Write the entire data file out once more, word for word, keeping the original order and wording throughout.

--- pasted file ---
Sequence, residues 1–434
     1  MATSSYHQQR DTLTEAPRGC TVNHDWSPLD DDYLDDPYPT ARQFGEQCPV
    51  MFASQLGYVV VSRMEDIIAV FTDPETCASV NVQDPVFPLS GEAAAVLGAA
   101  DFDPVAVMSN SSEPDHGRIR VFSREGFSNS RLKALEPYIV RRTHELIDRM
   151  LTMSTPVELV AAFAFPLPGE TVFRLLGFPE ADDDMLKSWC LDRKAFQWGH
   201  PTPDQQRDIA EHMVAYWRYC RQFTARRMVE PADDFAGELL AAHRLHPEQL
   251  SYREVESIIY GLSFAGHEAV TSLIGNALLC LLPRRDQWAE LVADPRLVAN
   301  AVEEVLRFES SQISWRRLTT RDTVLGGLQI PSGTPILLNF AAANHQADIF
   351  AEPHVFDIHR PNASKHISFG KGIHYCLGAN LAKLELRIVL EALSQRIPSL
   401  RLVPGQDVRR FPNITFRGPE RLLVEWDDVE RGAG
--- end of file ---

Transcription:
Sequence, residues 1–434
     1  MATSSYHQQR DTLTEAPRGC TVNHDWSPLD DDYLDDPYPT ARQFGEQCPV
    51  MFASQLGYVV VSRMEDIIAV FTDPETCASV NVQDPVFPLS GEAAAVLGAA
   101  DFDPVAVMSN SSEPDHGRIR VFSREGFSNS RLKALEPYIV RRTHELIDRM
   151  LTMSTPVELV AAFAFPLPGE TVFRLLGFPE ADDDMLKSWC LDRKAFQWGH
   201  PTPDQQRDIA EHMVAYWRYC RQFTARRMVE PADDFAGELL AAHRLHPEQL
   251  SYREVESIIY GLSFAGHEAV TSLIGNALLC LLPRRDQWAE LVADPRLVAN
   301  AVEEVLRFES SQISWRRLTT RDTVLGGLQI PSGTPILLNF AAANHQADIF
   351  AEPHVFDIHR PNASKHISFG KGIHYCLGAN LAKLELRIVL EALSQRIPSL
   401  RLVPGQDVRR FPNITFRGPE RLLVEWDDVE RGAG